Holding Each Other Accountable

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(This picture was taken on one of the nights that was especially hard on both of us while Jordon was sick.  We had had a very long day and we tried to carve out some fun time at the end of the evening playing around with selfies.)

One night awhile back Jackson came down stairs troubled by a thought he was having. Children really think deeply, it’s just the description or verbalization that they have trouble with. Jackson is an old soul and he doesn’t really have much trouble in this department. And we are really connected, he and I. What I am happy about is that we always shared this connection so there really has been no change in the depth of our discussions; just more discussions as to be expected. This one night in particular will be a night that will be branded into my mind of just how much kids really do “get it”. Through their playing with their friends and what they do in their activities both at home and at school- they self-direct the healing process through their grief. They have few barriers like we as adults do and they know what to ask for that will make them heal. When Jackson asks, and it is reasonable and sound, he gets. But, here is what Jackson told me and asked me that night.

He said to me, “You will not have any man in this house until I am 20 years old and out of here! There will be no guy to come in my room at night and say “Goodnight” to me. Nobody can replace Daddy. And you better not date behind my back. I will know. And you better wear your wedding ring too. If you get married, I’m going to come to your wedding with a blow horn! No one will hear what you say. And I am going to smash your chocolate fountain!” Good heavens!!!! Jackson has never even been to a wedding before yet he has such a vivid description of the plan of chaos he’s going to inflict! What a description of utter destruction and mayhem! I love it. He was getting out what he felt. Bottom line- no man can take his father’s place is what he was saying. And he is right.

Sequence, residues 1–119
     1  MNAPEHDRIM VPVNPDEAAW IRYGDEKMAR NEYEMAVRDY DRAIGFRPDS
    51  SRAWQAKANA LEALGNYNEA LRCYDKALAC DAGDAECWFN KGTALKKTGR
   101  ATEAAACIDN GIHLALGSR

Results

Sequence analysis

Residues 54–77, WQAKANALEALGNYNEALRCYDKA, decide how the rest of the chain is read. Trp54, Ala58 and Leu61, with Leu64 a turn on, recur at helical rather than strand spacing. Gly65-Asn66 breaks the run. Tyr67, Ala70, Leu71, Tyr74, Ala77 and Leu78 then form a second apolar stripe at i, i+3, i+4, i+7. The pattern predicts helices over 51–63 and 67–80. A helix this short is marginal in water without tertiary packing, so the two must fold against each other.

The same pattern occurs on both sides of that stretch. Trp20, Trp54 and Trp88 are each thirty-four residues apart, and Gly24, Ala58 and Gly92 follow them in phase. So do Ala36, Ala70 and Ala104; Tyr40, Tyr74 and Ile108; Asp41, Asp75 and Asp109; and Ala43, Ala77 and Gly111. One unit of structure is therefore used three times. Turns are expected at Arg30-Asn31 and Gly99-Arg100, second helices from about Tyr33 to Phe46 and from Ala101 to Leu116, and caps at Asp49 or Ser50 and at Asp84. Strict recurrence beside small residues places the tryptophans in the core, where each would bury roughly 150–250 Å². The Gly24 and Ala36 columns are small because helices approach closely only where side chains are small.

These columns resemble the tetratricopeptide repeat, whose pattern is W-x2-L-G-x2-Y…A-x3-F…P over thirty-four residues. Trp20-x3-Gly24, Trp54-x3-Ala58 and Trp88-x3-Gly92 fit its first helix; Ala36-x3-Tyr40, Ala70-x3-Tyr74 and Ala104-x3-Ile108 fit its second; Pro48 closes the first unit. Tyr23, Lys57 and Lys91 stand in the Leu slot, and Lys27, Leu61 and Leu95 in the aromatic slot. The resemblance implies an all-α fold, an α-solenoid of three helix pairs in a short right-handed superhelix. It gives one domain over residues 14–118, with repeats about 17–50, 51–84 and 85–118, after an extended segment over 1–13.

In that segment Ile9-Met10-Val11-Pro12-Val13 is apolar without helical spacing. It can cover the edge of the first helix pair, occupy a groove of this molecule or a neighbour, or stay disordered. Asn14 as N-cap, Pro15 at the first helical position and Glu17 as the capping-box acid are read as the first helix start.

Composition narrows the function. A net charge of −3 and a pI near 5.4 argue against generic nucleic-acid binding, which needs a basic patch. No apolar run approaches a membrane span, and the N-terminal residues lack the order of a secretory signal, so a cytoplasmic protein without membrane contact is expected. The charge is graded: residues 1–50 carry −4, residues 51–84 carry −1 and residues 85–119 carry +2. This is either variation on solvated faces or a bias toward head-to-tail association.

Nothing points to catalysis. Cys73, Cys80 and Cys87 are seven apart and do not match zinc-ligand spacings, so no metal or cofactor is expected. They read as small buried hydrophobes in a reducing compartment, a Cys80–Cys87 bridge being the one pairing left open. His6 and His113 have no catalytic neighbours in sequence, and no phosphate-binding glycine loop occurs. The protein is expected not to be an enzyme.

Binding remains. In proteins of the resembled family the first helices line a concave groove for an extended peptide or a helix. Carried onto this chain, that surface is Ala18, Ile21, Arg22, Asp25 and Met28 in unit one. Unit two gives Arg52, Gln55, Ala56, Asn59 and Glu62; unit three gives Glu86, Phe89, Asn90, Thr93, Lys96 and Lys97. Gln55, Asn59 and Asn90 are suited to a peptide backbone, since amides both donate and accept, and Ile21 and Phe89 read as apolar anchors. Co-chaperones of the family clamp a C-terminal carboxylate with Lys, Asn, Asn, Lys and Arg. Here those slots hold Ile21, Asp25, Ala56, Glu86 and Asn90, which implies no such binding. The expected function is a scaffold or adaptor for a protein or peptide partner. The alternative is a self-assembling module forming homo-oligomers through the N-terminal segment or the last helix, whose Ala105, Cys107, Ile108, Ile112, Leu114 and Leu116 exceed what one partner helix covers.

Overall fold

So…. Here was my response to him.

“Okay, then we have a deal. Now you have to live up to your end. And here it is- If you start screwing up at school. If you start doing drugs. If you start drinking and driving and skipping school and hanging out with the wrong crowd and giving me a hard time because you are angry that your father died- I am going to hire an big, ugly, mean nanny who’s going to come after school every day to pick your butt up in front of your friends and bring you home. You will lose all your freedoms and choices and you will sit and do your homework.” Ask me if a boy’s eyes can grow larger than saucers? My answer will be yes!! Bahahahaha!

It broke our pain and hurt and it melted into laughter. We smiled and gave each other a hug. I love my Jack. He is so intuitive and kind. He so didn’t deserve this, but what child does? A wise friend I went to high school with, and am still connected to on Facebook said to me, “I was 14 when my father died, and I’m guessing he’s a bit younger than that, right? I know this is an incredibly difficult time for your family, but I do want you to know there can be a silver lining: I’ve always suspected that my dad’s death ultimately made me stronger as an adult, and I’ve recently read research confirming that such a phenomenon exists in a lot of people who lost parents under the age of 16 (it’s harder for those who were older).” I am going to hold fast to this remarkable advice and insight. This will be Jackson. Thank you, Glenn Hubbard.

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